After separation, the screening process is carried out by machines equipped with multiple sieves where the seeds are separated from the resin and the other materials known as hemp straw. These sieves are used in petroleum refining. They are said to be made of steel and silk.

They are very fine sieves that allow only the resin to pass through and subtract the crushed leaves (hemp straw) and thus separate the resin from other materials. The farmers use sieves of different sizes and filtering.

Then come the next process which is that of separating the resin from each other and dividing it into a first, second, third and fourth grade/press. The resin is divided into 4 classes.

  • The first class is the purest and is called “habou” (الهبو). This is the soul of hashish and contains a very high percentage of THC and is packed into bags and tanks to be kept and stored.
  • The second class is called “zahra” ( الزهرة ). It means “flower” and contains less THC than the first.
  • The third class is somewhat light and called kabsheh ( كبشة ).
  • The fourth class is emulsified THC using some solvents or discarded in the soil as fertilizers. It fights weeds.

The seeds are sold and a portion is left aside and stored for cultivation next year, and a part of it is used to make  good-tasting sweets called sesame.

The first class “habou” (الهبو)  or resin will have a specific colour according to the nature of the earth. The red land at a height of 1000 meters gives a semi-red colour to the resin.

The land above 1500 meters is red or otherwise the resin is almost yellow. Sometimes light green. Sometimes it is golden in colour and it comes from plants that grow and live without any irrigation at all. The 1st class colour depends on the colour of the land, if it’s red soil then it’s red.

Then it’s packed in bags and sold worldwide. The trader then buys the crop and packs it in bags that have a symbol indicating the source of the resin, where it comes from. Its origin.

 

Summary

After plowing in October or November leave the land resting until the next spring. Plow and plant and add fertilizer and after germination when the cannabis seedlings become 10 to 20 centimeters tall and weeds are removed from them and plants are irrigated every four to 15 days according to the nature of the land and the altitude at which the plants grow.

After, in the eighth month (August)  cull male plants. In the ninth month (September) harvest begins and then they are dispersed in the fields and under the sun until they become stiff (completely dry). Collect  the crop and store in garages in homes. Until the winter comes in early December, and the first month (January) then the weather has become cold.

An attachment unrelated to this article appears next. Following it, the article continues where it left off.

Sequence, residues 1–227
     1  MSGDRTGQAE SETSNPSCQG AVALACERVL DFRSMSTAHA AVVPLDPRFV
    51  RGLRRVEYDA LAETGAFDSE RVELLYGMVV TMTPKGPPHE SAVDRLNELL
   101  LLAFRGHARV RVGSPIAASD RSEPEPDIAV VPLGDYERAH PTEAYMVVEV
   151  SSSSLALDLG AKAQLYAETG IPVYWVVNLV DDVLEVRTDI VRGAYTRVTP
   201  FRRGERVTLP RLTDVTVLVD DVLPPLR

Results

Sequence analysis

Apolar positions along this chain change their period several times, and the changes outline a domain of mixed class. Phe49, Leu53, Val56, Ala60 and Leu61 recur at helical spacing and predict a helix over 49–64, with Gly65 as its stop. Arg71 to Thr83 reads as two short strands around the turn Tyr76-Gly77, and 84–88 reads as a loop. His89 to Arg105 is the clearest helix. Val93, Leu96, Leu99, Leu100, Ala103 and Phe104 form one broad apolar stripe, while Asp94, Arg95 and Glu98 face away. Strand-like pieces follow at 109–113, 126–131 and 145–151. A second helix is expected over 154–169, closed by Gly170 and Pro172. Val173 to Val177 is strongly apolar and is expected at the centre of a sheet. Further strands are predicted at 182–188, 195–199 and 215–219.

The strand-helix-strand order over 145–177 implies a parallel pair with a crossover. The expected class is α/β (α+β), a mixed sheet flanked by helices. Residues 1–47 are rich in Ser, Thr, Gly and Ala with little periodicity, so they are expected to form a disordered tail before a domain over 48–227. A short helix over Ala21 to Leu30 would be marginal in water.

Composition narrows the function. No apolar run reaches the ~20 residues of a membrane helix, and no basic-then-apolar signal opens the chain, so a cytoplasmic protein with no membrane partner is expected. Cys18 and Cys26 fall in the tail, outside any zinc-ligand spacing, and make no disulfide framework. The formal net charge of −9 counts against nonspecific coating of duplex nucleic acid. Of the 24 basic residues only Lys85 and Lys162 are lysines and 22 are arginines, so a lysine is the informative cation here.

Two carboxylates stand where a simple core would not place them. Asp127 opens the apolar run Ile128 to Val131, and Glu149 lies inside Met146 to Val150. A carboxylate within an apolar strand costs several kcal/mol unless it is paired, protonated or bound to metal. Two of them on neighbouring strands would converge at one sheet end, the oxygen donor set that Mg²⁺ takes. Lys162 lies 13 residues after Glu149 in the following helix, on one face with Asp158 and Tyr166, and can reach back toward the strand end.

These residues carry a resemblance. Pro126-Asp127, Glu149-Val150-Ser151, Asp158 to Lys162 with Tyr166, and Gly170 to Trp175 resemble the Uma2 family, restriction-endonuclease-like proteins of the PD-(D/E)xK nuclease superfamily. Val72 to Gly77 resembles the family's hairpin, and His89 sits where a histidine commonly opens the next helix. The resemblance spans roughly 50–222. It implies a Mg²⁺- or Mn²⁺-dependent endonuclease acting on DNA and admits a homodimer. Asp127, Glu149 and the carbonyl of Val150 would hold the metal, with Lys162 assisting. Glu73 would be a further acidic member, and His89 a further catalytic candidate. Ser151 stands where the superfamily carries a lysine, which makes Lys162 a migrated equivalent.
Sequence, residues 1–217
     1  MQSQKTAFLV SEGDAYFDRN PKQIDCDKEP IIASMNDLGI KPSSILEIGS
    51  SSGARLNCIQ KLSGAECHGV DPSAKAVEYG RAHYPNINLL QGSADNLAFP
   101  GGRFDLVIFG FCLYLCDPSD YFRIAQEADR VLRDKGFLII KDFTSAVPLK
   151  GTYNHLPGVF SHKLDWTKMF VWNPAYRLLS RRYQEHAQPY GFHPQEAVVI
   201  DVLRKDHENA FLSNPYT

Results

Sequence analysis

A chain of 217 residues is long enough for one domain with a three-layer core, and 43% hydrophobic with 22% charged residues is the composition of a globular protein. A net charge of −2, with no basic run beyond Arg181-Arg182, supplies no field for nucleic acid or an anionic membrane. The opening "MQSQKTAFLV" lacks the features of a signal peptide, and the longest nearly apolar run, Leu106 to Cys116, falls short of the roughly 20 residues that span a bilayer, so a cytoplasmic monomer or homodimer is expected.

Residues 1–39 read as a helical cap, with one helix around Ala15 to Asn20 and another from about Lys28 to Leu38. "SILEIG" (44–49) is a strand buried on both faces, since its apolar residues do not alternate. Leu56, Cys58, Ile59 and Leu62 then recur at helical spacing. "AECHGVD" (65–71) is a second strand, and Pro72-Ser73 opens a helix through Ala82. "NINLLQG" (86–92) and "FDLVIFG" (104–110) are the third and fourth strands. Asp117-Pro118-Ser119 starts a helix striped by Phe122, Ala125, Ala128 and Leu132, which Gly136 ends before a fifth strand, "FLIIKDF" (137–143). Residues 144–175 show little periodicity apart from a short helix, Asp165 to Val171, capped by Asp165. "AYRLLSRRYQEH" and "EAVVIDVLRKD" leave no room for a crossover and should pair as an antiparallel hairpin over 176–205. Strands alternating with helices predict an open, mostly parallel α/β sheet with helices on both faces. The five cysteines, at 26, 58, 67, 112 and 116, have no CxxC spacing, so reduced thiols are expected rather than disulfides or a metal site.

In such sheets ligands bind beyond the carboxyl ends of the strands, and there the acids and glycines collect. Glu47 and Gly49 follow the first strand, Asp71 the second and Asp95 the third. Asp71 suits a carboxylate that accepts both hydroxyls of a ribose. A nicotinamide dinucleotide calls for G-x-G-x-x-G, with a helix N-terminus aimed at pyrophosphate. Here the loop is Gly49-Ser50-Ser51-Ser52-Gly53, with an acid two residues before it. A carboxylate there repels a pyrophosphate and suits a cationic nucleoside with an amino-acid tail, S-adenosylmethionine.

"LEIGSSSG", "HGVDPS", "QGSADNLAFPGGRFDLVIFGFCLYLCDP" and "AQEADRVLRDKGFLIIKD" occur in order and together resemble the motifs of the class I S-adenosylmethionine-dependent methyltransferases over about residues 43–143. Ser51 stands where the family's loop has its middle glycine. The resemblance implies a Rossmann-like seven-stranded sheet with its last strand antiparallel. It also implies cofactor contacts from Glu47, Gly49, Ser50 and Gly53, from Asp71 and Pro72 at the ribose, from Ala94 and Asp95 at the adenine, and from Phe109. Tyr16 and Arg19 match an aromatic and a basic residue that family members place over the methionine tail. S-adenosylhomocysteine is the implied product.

Farmers start to separate the resin from the dried plants and then sift through them. Sieve  and separate the material from each other and sift with very fine sieves and separate the resin materials into finer materials according to the proportion of the material in THC and stored.

 

Questions and Answers

Question: How many grams (more or less) of dried buds does a full mature plant give? A plant that is well taken care of, that is, watered and fertilized. How  many grams of dried buds do you get from a female plant (not pollinated by a male plant) ?

Answer: Here people don’t use the flowers. They don’t consume buds. It’s not in our culture, so I can only talk about resin extraction. According to the type and size of  the plant, whether it is big or small and usually with an average rate that gives between 5 to 10 grams and the unvaccinated (untreated, not watered, not fertilized etc.)  it gives between 10 to 15 grams but with an excellent quality of the resin.

Question: Do you know the name of the person who introduced this plant to the country? The name of the person who first brought the seeds of this plant to Lebanon?

Answer: The person who introduced this plant is the deputy who passed away more than 10 years ago and his name is Qablan Issa Al-Khoury. During the French occupation, he was a consulate of France in Afghanistan in 1924 and he brought the seeds from Afghanistan and gave them to Mukhtar Al-Yamounah. At that time his name was Hamad Abdul Nabi Sharif.

Question: In what year did this person bring seeds to Lebanon?

Answer: 1974

Question: Who taught the dry sieve method to the Lebanese people? We heard it’s a method from Afghanistan. Is this true? Can you confirm that?

Answer: As for the current sieving method, it is an innovation from the people in the Bekaa Valley. Previously, they would “beat” the plant and collect its dust, which gathered on the walls and  ceilings (same techniques is/was used in Egypt). And they work on types of screens, which are the same as the ones used in oil refineries. These screens have numbers (calibers/gauges/sizes). These screens have numbers in terms of filtering degree, for example: caliber 60, which is the first stage for extracting the resin from the first mix of hashish hay (mashed leaves and seeds). Then caliber 80. Then the caliber of 120. Then, caliber 160, which is the most recent one, where excellent materials are extracted from hashish resin which is highly saturated with THC.

Question: When does harvest happen in the Bekaa valley?

Answer: From the 9th of September until the 30th of September.

This is a short video clip showing how the extraction happens in the Bekaa between December and January.